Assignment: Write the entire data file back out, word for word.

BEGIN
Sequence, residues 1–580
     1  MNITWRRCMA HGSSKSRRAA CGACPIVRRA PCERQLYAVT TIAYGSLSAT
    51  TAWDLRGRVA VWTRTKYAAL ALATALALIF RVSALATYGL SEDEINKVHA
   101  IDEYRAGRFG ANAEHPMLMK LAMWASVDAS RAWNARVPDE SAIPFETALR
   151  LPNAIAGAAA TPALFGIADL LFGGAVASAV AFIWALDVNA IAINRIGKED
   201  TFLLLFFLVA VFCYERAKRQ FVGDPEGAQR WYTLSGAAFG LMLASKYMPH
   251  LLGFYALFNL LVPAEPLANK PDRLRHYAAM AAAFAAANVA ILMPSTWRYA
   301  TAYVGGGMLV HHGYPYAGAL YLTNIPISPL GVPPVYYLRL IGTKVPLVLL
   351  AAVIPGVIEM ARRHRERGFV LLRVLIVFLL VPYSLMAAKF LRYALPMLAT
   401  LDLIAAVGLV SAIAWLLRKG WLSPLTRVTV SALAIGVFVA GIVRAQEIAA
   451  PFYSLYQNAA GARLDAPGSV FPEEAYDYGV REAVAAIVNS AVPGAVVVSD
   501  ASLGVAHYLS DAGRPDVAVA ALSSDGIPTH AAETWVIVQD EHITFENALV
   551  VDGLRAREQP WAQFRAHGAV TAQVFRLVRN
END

Sequence, residues 1–580
     1  MNITWRRCMA HGSSKSRRAA CGACPIVRRA PCERQLYAVT TIAYGSLSAT
    51  TAWDLRGRVA VWTRTKYAAL ALATALALIF RVSALATYGL SEDEINKVHA
   101  IDEYRAGRFG ANAEHPMLMK LAMWASVDAS RAWNARVPDE SAIPFETALR
   151  LPNAIAGAAA TPALFGIADL LFGGAVASAV AFIWALDVNA IAINRIGKED
   201  TFLLLFFLVA VFCYERAKRQ FVGDPEGAQR WYTLSGAAFG LMLASKYMPH
   251  LLGFYALFNL LVPAEPLANK PDRLRHYAAM AAAFAAANVA ILMPSTWRYA
   301  TAYVGGGMLV HHGYPYAGAL YLTNIPISPL GVPPVYYLRL IGTKVPLVLL
   351  AAVIPGVIEM ARRHRERGFV LLRVLIVFLL VPYSLMAAKF LRYALPMLAT
   401  LDLIAAVGLV SAIAWLLRKG WLSPLTRVTV SALAIGVFVA GIVRAQEIAA
   451  PFYSLYQNAA GARLDAPGSV FPEEAYDYGV REAVAAIVNS AVPGAVVVSD
   501  ASLGVAHYLS DAGRPDVAVA ALSSDGIPTH AAETWVIVQD EHITFENALV
   551  VDGLRAREQP WAQFRAHGAV TAQVFRLVRN